While in the year 1658 the prestige of the English Commonwealth under the Protectorate of Olive Cromwell never stood so high in Europe, the situation at home was confused. Rumours persisted that King Charles II was planning an invasion with a cavalry force of eight thousand men, and that the younger Royalists were plotting a rising in the City of London and the south of England. The City militia was called up, a number of conspirators were arrested and two of them put to death, and the reports received from England by the exiled Court discouraged any idea of invasion. By the spring all was more or less quiet, and the Privy Council was busily discussing whether a new parliament should be summoned in the autumn and another effort made to induce Cromwell to become King. But the Privy Council was as divided over home affairs as it had been over foreign policy. A few members, headed by John Desborough, wanted a return to the rule of the major-generals; a majority favoured calling a new parliament, but was uncertain whether to recommend reviving monarchy in Cromwell’s family. It is likely that Cromwell himself, still searching for a constitutional settlement, inclined that way; at any rate, the well-in-formed French ambassador reported in March that “the re-establishment of royalty is determined on”. Moreover, the Lord Protector received no agreed advice. In the previous summer, Henry Cromwell’s father-in-law had written to him that the Council was so unhelpful that the Lord Protector was obliged to rely upon his own judgment. “He counsels himself were it not so, lo, I know not what would become of things.” The correspondence between Henry Cromwell, who had now been appointed Lord Lieutenant of Ireland, and John Thurloe, Cromwell’s sole Secretary of State, opens a window upon the hopes and fears of Cromwell’s immediate entourage. Their opinion was that a policy of conciliation was the best, that a parliament should be called, and full use made of the victories won abroad to fortify the Lord Protector’s position. At the same time they agreed that for peace at home they must rely entirely upon his personal influence. For he was widely trusted even by men who differed from him over policy. “Does not your peace,” asked Henry Cromwell in June, “depend upon his Highness’s life, and upon his peculiar skill and faculty and personal interest in the army as now modelled and commanded?” Thurloe thought that Cromwell himself would have to make up his own mine “and not so much consider others”.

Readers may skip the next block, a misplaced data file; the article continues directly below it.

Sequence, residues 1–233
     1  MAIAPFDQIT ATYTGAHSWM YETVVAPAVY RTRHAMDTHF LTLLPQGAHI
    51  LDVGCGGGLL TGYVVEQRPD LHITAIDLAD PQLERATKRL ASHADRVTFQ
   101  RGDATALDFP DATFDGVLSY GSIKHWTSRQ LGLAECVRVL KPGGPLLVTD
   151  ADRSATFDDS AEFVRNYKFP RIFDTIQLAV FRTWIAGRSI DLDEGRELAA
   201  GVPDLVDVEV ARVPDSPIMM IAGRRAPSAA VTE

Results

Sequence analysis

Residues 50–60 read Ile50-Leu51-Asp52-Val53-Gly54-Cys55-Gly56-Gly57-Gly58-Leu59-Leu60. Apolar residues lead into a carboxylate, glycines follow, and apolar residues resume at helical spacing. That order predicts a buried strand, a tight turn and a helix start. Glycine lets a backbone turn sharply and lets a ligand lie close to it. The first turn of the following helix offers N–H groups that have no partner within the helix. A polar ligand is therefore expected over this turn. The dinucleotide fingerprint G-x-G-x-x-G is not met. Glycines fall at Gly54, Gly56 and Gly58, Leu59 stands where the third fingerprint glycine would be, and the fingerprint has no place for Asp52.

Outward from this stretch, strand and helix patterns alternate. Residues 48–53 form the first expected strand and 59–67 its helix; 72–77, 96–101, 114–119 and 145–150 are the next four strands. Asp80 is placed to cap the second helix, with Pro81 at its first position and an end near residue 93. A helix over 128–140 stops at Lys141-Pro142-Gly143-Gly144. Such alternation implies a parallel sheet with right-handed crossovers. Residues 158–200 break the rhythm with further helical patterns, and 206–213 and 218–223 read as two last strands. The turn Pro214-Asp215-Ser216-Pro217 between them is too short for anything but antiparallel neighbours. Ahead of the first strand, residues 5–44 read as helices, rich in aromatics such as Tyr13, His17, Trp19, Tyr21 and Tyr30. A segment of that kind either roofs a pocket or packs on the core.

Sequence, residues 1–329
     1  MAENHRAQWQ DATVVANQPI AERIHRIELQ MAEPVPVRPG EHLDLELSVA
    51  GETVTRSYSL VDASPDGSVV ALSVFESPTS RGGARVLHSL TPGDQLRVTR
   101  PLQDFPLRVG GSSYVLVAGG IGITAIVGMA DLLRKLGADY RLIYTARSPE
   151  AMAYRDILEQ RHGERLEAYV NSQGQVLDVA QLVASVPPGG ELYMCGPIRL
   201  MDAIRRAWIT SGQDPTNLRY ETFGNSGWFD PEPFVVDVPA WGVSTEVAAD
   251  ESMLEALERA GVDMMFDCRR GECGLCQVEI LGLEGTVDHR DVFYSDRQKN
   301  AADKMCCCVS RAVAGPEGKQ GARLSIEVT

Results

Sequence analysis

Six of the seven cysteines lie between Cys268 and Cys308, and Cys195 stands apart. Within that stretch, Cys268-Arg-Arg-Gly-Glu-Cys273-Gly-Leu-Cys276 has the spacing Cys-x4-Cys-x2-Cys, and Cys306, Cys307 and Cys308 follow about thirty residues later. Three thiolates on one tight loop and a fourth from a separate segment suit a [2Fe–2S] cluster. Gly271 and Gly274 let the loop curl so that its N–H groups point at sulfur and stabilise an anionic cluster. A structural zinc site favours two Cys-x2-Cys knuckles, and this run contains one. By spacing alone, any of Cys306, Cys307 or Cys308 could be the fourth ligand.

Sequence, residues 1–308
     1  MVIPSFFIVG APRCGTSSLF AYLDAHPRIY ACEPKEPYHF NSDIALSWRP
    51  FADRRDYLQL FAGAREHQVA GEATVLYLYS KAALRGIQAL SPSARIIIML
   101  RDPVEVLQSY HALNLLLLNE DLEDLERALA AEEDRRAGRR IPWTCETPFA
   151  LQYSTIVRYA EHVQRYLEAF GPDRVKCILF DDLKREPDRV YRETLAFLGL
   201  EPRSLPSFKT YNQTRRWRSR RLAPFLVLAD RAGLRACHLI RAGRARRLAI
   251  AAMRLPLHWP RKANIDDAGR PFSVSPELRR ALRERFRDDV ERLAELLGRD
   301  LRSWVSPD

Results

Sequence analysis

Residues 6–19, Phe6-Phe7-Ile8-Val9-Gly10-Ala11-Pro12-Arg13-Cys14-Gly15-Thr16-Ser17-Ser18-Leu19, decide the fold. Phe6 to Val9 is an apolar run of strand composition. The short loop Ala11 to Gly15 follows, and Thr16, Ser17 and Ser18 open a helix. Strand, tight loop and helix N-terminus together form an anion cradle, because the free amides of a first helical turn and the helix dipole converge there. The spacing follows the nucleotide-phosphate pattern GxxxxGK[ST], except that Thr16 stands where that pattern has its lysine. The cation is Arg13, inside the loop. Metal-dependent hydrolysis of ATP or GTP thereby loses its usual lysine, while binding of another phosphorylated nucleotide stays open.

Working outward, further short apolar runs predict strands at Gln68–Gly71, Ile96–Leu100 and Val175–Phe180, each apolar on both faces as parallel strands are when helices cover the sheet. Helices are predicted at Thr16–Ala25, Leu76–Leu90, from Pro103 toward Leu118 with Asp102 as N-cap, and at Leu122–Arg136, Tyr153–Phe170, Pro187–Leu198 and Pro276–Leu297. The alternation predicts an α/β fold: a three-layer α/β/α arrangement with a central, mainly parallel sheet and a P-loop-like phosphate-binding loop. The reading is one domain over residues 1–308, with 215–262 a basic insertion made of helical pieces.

Thus, after nearly six years of experimenting in different forms of government, it was still purely upon his own personal leadership that Cromwell’s friends and advisers depended for peace and the survival of the Commonwealth. Leadership is hard to define, but its reality was clear to Cromwell’s contemporaries. Andrew Marvell wrote of Cromwell that he seemed “a king by long succession born”, but he went on to say:
“Abroad a king he seems and something more,
At home a subject on an equal floor.”
Foreigners recognized his greatness more plainly than Englishmen ; a woman of perception like Queen Chistina of Sweden could see it, as could a vigilant statesman like Mazarin. At home Cromwell’s republican enemies, such as Haselrigg and Edmund Ludlow, thought of him as just another amateur soldier like themselves whose success as a statesman they ascribed to hypocrisy and devouring personal ambition. But to those who actually served under him – George Monk, John Thurloe, John Milton – his power and influence required no such explanation. He was their “chief of men”. Cromwell’s Royalist opponent, the Earl of Clarendon, besides paying tribute to his reputation abroad, spoke of “his great spirit, admirable sagacity, and most magnanimous resolution”. He also declared that he was not “a man of blood” nor a disciple of Machiavelli. Another Royalist observed that “had his cause been good”, Cromwell would have counted as “one of the greatest and bravest men the world ever produced”.
Such contemporaries (and the eighteenth-century biographers who took their evidence mostly from his critics) judged him chiefly in secular terms. For example, a Venetian envoy wrote of him in 1656 that “it cannot be denied that by his ability and industry he has contributed to his own greatness”. He spoke, too, of his courage, good sense, and prudence. The same sort of compliments might have been paid to other men of the time – to Lambert, to Thurloe, or to Monk. Where Cromwell differed from them was in his blinding sense of vocation, in the belief to which he gradually and reluctantly came that he alone could save his country from anarchy or invasion. He drew his strength from his religion, counting always upon the infinite love of God, and upon that covenant made with men whereby the Almighty “undertakes all and the poor soul nothing”. Even this sense of inner fortitude, like Cromwell’s “industry, courage, and prudence”, would have meant nothing if he had not also possessed the gift of commanding loyalty.